(Eph. II:20).
The present volume is designed to serve as a ready survey and reference book on the history of the councils. It is to serve as an aid, primarily to the cleric or lay student who has neither the time nor the opportunity to delve into, and analyze sources and controversies, but who is satisfied to learn the outstanding facts and findings concerning which Church historians generally agree. This brief and positive sketch of the twenty great events in history, so vibrant with life and so far-reaching in their consequences, will afford him, we trust, a very definite and appreciable knowledge of the nature and history of Holy Mother Church.
Originally published in 1937, this re-issue of Fr. Raab’s classic work on the history of the Ecumenical Councils did not include anything about Vatican II, because its convocation still lay in the future. We have not added to his work since so much has already been written of the newest Council elsewhere.

In stock
Add to wish list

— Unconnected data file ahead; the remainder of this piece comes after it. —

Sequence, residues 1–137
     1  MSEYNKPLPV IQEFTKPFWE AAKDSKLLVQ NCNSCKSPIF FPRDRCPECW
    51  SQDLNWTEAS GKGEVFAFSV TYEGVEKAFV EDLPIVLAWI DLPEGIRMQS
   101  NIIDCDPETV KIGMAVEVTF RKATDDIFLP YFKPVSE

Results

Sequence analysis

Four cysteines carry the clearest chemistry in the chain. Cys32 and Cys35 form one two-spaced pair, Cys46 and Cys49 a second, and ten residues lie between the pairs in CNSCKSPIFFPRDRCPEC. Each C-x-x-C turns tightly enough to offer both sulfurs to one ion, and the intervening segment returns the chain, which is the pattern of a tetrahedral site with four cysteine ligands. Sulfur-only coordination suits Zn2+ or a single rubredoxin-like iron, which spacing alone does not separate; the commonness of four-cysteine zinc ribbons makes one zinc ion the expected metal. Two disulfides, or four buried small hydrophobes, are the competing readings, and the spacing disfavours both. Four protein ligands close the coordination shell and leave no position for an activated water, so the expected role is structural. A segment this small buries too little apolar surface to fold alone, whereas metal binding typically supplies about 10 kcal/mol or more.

$11.95
Gary Potter, 96, Paperback

Also Available as Ebook

Gary Potter - PB - 96 Pages

One of the comments made about Our Lord by his contemporaries was that “He spoke as one having authority.” In the modern world, the Church seems to rarely speak as one “having authority”. This is unfortunate; some might say scandalous, for it is authority that men seek when pursuing truth. Young people are inundated with the message that truth, as an objective reality, does not exist . . . except for you alone. “Well, that’s your opinion!”, or “Make your own truth.”, or even Pilate’s own phrase “What is truth?”, are all too common phrases one hears nearly everywhere today. Even the term “faith” is now one of opprobrium instead of a declaration of virtue. One thing that does still speak with authority however, especially to the young, is example. In this powerful modern novella, one young man considers faith and whether it has any meaning at all to a man who wishes to truly live or whether faith is merely something one grasps onto when no clear answers to the deep questions of life are to be found elsewhere.